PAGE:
In both cases, we have to be willing to be sanctified either into the strength and boldness we need, or the compassion and grace that we need. Living graciously, though, is much harder than it sounds. Young believers who are new to theology, who are new to discernment, can very quickly become theological guard dogs. And they’ll start warning about this pastor and this teacher, that Instagram account and because they’re still in the process of being trained to distinguish good from evil, they sometimes misconstrue core Christian doctrines like orthodoxy with issues of freedom. So, they elevate things like worship music or dress codes, or Bible translations. What I mean by that is simply the difference, say, between KJV only or ESV or NASB. They elevate those and they say, “Well, if you don’t do exactly this, then you can’t be a Christian.” What’s sad about this is that in their passion to defend the gospel, to defend scripture, they actually go beyond scripture itself. And sadly, they divide people unnecessarily. 

1 John 4:7-8, says, “Dear friends, let us love one another for love comes from God. Everyone who loves has been born of God and knows God. Whoever does not love does not know God, because God is love.” Love should characterize our doctrine; it should characterize our theology. Francis Schaeffer said, “Biblical orthodoxy without compassion is surely the ugliest thing in the world.” So, to avoid being a Christian bully, we need a methodology for discerning between essential orthodox doctrines of the faith and freedom issues. How do we do this? Now, I have a whole episode on this. I talk about it in determining core doctrine, I taught on it at Verity Conference in 2022. I’m just going to go over this very briefly here. Not going to get super into it, but this idea of theological triage has been taught by multiple authors, pastors, writers over the years. But I’m using a model specifically put forth by Dr. Albert Mohler. The way he describes it is that there are first order issues, second order issues, and third order issues.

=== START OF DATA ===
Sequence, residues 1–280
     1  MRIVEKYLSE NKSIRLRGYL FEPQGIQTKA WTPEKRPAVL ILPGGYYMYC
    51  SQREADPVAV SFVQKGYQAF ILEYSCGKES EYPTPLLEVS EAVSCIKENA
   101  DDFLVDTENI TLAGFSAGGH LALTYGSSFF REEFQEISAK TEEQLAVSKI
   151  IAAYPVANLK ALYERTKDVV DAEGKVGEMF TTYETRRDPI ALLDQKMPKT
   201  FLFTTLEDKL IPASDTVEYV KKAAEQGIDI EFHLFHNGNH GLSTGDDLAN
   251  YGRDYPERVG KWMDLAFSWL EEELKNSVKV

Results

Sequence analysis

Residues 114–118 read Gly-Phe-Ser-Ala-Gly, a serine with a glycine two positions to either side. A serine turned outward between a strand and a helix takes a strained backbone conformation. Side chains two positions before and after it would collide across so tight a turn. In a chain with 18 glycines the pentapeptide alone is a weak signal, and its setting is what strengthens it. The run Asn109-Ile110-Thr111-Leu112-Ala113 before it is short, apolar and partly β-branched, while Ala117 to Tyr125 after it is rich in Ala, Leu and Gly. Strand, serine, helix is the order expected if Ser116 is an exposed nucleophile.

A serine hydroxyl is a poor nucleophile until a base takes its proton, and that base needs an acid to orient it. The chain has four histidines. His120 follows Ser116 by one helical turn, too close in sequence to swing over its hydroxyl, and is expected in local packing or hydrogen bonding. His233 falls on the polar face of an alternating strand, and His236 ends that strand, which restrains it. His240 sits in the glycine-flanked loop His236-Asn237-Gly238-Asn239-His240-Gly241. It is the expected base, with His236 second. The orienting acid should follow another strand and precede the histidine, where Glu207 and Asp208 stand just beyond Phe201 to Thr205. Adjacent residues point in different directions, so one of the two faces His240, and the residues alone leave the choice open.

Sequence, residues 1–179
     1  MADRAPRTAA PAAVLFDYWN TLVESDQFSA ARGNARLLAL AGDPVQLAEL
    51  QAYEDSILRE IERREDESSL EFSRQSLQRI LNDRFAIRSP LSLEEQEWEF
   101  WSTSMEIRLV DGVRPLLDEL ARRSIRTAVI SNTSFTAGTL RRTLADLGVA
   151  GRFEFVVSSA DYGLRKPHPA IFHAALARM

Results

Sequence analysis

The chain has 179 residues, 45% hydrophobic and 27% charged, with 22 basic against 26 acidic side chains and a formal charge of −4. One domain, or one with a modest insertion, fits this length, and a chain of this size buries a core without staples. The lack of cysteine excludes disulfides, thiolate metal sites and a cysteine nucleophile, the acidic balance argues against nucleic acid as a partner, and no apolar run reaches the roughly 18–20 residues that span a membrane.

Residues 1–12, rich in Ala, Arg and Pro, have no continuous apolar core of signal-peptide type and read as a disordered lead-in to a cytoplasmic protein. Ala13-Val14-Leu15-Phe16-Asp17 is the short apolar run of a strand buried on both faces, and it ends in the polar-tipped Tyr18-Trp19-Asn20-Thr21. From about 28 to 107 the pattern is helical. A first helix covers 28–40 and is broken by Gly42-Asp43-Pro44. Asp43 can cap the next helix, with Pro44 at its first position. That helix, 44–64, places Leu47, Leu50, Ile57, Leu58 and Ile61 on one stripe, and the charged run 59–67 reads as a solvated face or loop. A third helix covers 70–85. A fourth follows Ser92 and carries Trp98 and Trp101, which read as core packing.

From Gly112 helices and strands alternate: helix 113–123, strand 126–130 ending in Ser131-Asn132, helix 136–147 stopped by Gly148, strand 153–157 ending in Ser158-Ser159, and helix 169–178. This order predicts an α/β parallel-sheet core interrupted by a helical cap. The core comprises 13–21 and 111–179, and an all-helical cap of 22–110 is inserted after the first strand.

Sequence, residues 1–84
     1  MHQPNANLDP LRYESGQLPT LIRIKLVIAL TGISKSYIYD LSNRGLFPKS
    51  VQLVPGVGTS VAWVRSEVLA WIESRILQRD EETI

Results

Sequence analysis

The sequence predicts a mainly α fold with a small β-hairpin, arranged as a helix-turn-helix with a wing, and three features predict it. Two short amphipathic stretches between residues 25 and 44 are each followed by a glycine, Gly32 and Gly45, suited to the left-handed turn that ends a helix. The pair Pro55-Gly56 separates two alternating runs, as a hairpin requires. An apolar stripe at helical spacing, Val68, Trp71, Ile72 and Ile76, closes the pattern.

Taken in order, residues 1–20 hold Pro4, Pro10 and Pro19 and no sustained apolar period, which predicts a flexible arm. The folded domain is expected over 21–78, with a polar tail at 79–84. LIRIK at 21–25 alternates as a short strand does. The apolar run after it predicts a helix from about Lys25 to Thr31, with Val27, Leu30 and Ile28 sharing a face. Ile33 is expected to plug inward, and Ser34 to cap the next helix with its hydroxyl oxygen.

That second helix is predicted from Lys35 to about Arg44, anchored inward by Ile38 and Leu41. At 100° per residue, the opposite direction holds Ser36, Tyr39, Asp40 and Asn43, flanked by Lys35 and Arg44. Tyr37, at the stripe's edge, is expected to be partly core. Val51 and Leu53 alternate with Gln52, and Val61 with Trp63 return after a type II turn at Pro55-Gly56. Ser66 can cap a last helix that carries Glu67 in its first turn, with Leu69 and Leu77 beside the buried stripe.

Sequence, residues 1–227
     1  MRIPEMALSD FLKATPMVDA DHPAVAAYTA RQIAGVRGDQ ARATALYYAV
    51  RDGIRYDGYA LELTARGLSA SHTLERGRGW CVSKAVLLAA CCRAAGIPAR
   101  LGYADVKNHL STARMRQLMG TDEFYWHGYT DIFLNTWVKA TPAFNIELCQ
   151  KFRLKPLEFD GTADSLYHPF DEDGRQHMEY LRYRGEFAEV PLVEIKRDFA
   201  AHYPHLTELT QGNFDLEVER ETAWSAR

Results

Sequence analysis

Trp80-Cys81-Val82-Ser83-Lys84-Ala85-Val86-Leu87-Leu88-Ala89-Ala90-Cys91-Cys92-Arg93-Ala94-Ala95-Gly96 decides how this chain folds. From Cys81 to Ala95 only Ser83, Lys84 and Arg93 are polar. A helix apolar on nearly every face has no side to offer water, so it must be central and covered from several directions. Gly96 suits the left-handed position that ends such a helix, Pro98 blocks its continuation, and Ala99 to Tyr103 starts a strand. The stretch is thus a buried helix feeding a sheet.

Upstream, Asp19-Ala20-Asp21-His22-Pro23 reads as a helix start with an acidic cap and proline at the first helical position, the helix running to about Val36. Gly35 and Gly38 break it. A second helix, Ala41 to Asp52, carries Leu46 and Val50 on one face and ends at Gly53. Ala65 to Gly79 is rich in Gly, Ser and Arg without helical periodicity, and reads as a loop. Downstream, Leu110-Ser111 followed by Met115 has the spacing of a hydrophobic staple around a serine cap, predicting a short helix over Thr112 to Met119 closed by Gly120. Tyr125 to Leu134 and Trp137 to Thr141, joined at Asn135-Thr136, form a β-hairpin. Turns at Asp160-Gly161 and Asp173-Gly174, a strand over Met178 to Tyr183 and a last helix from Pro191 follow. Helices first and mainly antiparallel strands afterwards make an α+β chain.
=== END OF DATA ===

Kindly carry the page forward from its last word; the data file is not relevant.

First order issues are the doctrines essential to the Christian faith. These are the truths summed up in the creeds. The nature of the Trinity, the physical life, death, and resurrection of Christ, the hope of eternity, final judgment for sin. So, the salvation message, the gospel like this is the essential nature of Christianity. You can’t remove any of these pieces, but in addition, we can look to Acts 15, at the essential behaviors of Christians who held to these truths. As the Gentiles were coming in, the Jerusalem Council met and said, “We need to teach these people how to walk in the teachings of Christ.” What do we need to teach them? First things they emphasized were sanctity of worship, no other gods, no idols, sanctity of life, honor for the image bearer. They said, “Don’t drink blood, don’t eat blood, don’t associate with that because the life is in the blood.” So, it was an honor for human life and then in animal life. And sanctity of sex, sexual morality is held by Christ. They said, “Abstain from sexual immorality, which was accepted and rampant in Greek and Roman culture.” So, this was very normal for them. They were dealing with this kind of a culture. We’re dealing with this kind of culture. Christians just absolute baseline is affirming what the creeds state and then affirming what Acts 15 states, which is you are not to combine Jesus with any other god, you are to honor life at all ages, and you are to honor sex. And the fact that sex is for a blood covenant between a man and a woman for life and we do not get to redefine this in the church. There is one definition in the church for what marriage and sex is for.